500 Questions: Tough Questions, Part Three

What might your current manager want to change about your work habits?

The interviewer will want to know how you’ll fit in with your future manager and coworkers, and will also want to feel confident that he or she has uncovered any surprises about your corporate style. One good way to answer this question is to point out minor differences of preference. Alternatively, you might describe a weakness that you and your manager have worked on and improved.

If you found yourself getting burned out, what would you do to revitalize your energy?

Indicate that you work very hard but are disciplined enough to avoid burnout and that you recognize and prevent it by recognizing when you are not being productive. Coping with stress is part of any job, and one way is not to get so involved in a routine that you get overly worried when things need to change. You can also ask for new assignments to stay motivated and interested.

In five minutes or less, tell me why this company should hire you.

What an opportunity! Portions of what you will answer might have been covered in your answers to earlier questions, but here is a chance at center stage for five whole minutes! Develop a brief, to the point, convincing sales presentation about you!

What would you say if I told you that I thought you were giving a very poor interview today?

Interviewers like to ask stress questions like these to see how well you hold up under pressure. Stay calm, relaxed and don’t allow your confidence to be shaken. Ask if there was any specific part of the interview that the interviewer thought you might have mishandled. Question to see if there has been any miscommunication on your part. Then review any possible problems by asking for clarification. Once you have that, respond more fully and appropriately to the problem areas that were identified.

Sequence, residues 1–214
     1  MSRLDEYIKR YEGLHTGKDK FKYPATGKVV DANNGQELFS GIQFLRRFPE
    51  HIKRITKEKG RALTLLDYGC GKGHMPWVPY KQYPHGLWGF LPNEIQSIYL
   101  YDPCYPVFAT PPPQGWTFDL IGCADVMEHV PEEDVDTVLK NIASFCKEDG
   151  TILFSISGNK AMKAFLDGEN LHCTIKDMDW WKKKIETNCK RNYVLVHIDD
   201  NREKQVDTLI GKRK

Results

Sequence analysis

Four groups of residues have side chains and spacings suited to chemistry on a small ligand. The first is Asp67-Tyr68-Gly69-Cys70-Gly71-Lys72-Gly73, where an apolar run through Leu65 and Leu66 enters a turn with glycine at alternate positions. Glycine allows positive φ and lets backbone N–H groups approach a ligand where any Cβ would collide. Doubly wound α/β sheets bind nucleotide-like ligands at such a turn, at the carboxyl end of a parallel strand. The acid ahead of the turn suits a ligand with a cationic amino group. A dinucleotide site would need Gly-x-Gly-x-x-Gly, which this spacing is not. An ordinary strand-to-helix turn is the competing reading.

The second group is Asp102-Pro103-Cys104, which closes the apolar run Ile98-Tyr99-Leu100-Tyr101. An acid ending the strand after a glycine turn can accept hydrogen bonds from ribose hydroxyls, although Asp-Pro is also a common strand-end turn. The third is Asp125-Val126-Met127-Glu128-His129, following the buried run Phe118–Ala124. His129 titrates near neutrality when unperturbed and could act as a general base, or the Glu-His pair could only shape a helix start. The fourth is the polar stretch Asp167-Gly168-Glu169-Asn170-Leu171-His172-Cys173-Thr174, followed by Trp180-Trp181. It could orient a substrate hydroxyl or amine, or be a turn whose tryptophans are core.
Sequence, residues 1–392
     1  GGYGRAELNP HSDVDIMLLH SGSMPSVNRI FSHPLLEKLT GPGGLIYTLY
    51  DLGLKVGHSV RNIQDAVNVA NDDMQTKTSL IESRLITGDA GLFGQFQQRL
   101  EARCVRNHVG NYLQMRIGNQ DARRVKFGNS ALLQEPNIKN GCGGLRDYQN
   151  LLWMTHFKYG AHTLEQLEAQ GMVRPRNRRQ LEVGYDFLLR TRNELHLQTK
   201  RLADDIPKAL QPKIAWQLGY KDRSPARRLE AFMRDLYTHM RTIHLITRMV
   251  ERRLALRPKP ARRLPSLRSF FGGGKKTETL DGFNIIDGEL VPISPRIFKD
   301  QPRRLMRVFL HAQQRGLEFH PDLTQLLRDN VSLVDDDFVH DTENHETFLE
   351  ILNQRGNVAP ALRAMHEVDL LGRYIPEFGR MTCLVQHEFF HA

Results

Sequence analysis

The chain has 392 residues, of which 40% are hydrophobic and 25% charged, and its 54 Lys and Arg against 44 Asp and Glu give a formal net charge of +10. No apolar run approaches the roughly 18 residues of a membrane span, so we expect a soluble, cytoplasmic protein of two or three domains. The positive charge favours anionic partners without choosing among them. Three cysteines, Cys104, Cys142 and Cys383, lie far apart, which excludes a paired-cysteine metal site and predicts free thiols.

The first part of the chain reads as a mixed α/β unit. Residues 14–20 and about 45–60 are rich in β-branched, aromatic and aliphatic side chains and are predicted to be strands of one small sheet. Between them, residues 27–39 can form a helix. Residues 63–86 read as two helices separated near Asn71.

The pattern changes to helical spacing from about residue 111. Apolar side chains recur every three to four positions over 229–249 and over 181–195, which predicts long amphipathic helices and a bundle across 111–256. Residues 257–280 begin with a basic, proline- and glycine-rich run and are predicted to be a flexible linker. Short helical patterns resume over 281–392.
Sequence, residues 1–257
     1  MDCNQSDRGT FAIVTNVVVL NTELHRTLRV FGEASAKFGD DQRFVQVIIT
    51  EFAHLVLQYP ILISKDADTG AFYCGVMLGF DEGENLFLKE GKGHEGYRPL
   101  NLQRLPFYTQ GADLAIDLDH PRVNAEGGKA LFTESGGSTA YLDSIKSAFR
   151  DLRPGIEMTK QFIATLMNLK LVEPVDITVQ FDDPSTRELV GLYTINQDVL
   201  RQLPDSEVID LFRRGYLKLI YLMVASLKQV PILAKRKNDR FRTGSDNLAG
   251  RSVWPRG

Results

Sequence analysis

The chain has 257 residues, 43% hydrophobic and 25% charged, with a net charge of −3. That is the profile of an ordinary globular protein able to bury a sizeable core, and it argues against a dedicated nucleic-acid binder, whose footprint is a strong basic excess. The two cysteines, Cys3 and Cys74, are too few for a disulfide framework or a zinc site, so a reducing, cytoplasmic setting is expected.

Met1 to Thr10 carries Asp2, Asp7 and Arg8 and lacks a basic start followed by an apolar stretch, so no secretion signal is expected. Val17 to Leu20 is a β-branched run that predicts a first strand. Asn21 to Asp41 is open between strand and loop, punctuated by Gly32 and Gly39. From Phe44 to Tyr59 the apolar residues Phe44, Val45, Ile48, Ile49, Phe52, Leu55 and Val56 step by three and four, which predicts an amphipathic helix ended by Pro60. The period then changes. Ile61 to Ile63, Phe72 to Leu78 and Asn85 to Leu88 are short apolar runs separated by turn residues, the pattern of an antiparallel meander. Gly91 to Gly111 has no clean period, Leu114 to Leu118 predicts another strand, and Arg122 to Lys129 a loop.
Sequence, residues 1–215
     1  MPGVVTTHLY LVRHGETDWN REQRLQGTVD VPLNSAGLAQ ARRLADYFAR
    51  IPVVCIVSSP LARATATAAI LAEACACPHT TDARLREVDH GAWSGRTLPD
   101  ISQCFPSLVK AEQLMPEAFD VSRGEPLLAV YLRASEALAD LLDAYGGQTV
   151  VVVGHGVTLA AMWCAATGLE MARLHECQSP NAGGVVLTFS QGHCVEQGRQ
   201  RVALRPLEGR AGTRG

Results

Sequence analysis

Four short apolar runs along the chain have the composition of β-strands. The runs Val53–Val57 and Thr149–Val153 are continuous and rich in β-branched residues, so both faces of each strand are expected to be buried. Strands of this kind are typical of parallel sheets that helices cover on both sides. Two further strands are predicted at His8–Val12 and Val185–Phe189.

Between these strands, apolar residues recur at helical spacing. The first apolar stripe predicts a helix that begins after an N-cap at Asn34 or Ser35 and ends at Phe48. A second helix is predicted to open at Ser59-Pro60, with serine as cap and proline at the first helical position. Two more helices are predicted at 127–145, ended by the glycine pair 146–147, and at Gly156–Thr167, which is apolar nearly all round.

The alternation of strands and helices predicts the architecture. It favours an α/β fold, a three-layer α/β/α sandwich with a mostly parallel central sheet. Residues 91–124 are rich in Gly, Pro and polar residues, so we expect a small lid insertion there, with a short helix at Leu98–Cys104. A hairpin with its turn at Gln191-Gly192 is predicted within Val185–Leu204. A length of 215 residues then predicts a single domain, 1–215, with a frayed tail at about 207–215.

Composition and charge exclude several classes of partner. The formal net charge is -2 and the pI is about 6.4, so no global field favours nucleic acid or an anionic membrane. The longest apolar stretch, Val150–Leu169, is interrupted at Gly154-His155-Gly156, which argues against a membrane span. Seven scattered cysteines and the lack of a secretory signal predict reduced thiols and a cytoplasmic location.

What sets you apart from the crowd?

Your answer should communicate self-confidence, but avoid sounding arrogant. Talk about observations other people have made about your work, talents, or successes. Showcase your dependability, strength of character, and professionalism.

Prove to me that your interest is sincere.

Your answer here can combine elements from your prepared responses to the questions “Why should I hire you?” Go beyond a superficial comment and truly demonstrate a passion for some aspect of the work.

I don’t know what I am looking for, but you don’t seem to have all of the experience I want.

This comment isn’t as bad as it sounds. The interviewer is really asking why they should hire you. This is the ideal opportunity to highlight the job-specific skills you possess and, of course, to ask what the interviewer is looking for. Once you have that answer you can cite the achievements you have accomplished and how they relate to the interviewer’s needs.